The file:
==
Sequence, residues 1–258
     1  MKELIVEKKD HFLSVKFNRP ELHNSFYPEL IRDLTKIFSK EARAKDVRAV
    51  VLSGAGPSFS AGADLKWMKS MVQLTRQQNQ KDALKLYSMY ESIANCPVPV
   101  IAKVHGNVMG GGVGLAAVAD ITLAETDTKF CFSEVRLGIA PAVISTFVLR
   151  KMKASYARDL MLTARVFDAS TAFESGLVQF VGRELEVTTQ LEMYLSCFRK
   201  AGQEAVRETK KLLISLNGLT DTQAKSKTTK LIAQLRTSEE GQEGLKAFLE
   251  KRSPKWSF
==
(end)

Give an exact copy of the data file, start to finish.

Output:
Sequence, residues 1–258
     1  MKELIVEKKD HFLSVKFNRP ELHNSFYPEL IRDLTKIFSK EARAKDVRAV
    51  VLSGAGPSFS AGADLKWMKS MVQLTRQQNQ KDALKLYSMY ESIANCPVPV
   101  IAKVHGNVMG GGVGLAAVAD ITLAETDTKF CFSEVRLGIA PAVISTFVLR
   151  KMKASYARDL MLTARVFDAS TAFESGLVQF VGRELEVTTQ LEMYLSCFRK
   201  AGQEAVRETK KLLISLNGLT DTQAKSKTTK LIAQLRTSEE GQEGLKAFLE
   251  KRSPKWSF